Unfortunately, this is a common regret. I am sorry that someone pushed you into doing something that you didn’t want to do. No doubt you were doing what you felt you had to do in order to keep him or her happy; but in the process, you were compromised. First of all, I need you to understand that conditional sentences reveal conditional love. “If you really love me, then…” is a conditional sentence betraying a hypocritical heart. I explained this in a previous post. The best thing for you to do is find a source of unconditional love, which truly honors and values you, just for you. Conditional love is destructive.
How can you forgive yourself? First, I need to you notice the word “give” in “forGIVE.” This teaches us that the act of forgiveness requires the transfer of a gift. In order to forgive someone, you must give them a gift, which they don’t deserve. At the same time, you, the giver, must pay for both the gift and the damages that were done. If you break my television, then I can forgive you, but that doesn’t automatically erase the damage and restore my television. Someone still has to pay for it, either you or I. The damage just doesn’t go away. To forgive someone means that you will absorb the cost and pain, setting the real culprit free.
In order to forgive yourself, then you have to give yourself a gift. You have to set yourself free. However, with self-forgiveness, it’s tricky, because you are both the offender and the offended. Somehow, you have both to receive the gift and give the gift; you are both the recipient and provider. It’s kind of like eating your fingers in order to settle your hungry stomach. As you can see, self-forgiveness is not that easy to do, which is why we tend to struggle with it. You always walk around with the offender. You can’t get him or her out of your sight, because that person is you. Even if you say that you’re forgiven, that very same action will cost you. From another part of your being, you have to pay for it. Chomp, chomp.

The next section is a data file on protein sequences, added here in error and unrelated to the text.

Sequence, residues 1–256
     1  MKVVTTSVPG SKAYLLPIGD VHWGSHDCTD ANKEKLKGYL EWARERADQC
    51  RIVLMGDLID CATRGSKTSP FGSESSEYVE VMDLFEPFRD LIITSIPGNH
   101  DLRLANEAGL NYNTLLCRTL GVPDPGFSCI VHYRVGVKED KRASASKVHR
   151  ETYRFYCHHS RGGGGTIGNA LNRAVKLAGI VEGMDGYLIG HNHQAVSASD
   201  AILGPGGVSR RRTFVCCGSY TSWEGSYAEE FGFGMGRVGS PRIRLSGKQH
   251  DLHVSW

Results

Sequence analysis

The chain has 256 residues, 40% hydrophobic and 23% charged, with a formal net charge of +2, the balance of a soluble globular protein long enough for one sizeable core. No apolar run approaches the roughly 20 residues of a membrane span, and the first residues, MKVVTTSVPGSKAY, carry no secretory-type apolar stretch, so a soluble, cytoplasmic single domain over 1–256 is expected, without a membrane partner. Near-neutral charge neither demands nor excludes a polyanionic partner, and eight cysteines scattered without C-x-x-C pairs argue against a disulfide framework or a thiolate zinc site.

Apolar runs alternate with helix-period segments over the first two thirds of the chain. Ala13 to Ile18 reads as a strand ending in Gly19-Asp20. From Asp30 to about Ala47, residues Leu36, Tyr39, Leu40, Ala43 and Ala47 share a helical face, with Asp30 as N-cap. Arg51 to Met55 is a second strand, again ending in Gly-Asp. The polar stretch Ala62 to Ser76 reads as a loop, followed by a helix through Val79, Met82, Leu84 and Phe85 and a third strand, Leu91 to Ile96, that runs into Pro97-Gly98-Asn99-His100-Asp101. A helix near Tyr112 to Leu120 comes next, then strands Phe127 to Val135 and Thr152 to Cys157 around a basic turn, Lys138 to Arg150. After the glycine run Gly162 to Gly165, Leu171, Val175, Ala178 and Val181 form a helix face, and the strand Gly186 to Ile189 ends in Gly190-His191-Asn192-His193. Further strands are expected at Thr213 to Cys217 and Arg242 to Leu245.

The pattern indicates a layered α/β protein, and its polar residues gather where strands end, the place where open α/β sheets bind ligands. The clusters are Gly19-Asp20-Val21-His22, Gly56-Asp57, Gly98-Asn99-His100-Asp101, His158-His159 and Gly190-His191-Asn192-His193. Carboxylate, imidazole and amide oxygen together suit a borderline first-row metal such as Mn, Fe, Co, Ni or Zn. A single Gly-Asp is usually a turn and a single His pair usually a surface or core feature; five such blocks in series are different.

There is no satisfactory self-forgiveness apart from receiving divine forgiveness. God gives us the gift of forgiveness when he gives to us the life of his Son, Jesus. God makes Jesus pay for our sins. Jesus absorbs the cost of our unwanted behavior, so that we don’t have to. This means that our job is to receive, not give. Every time God enters into a covenant with a people, he says to himself, “This is the kind of people that I want to save.” That’s his end of the deal—always.
But, you might ask, how do I know that I’m actually forgiven? I am glad you asked! I actually have historical evidence for our forgiveness. Think about writing a check to purchase an item. Let’s say that you want to buy the latest iPod, so you bring your checkbook to the local electronics store. You find the item, take it to the cashier, and write your check. The manager of the store will soon take your check and process it. If, after examination, it is found that there is not enough money in your checking account to stand behind your check, then it will “bounce.” You just wrote a bad check and will be fined. On the other hand, if, after examination, it’s determined that you have enough money in your account to support your check, then the check will “clear.” No more payment necessary and no fines are due.